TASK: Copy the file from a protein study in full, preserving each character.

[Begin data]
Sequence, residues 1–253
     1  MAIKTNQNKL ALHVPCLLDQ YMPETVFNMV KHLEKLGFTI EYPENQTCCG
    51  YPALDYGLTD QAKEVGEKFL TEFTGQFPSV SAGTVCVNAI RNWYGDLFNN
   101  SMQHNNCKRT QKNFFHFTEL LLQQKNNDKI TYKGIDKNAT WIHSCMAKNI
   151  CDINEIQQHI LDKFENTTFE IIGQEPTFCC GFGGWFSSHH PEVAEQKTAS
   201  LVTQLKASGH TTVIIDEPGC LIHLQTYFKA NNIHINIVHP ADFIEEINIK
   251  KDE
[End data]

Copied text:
Sequence, residues 1–253
     1  MAIKTNQNKL ALHVPCLLDQ YMPETVFNMV KHLEKLGFTI EYPENQTCCG
    51  YPALDYGLTD QAKEVGEKFL TEFTGQFPSV SAGTVCVNAI RNWYGDLFNN
   101  SMQHNNCKRT QKNFFHFTEL LLQQKNNDKI TYKGIDKNAT WIHSCMAKNI
   151  CDINEIQQHI LDKFENTTFE IIGQEPTFCC GFGGWFSSHH PEVAEQKTAS
   201  LVTQLKASGH TTVIIDEPGC LIHLQTYFKA NNIHINIVHP ADFIEEINIK
   251  KDE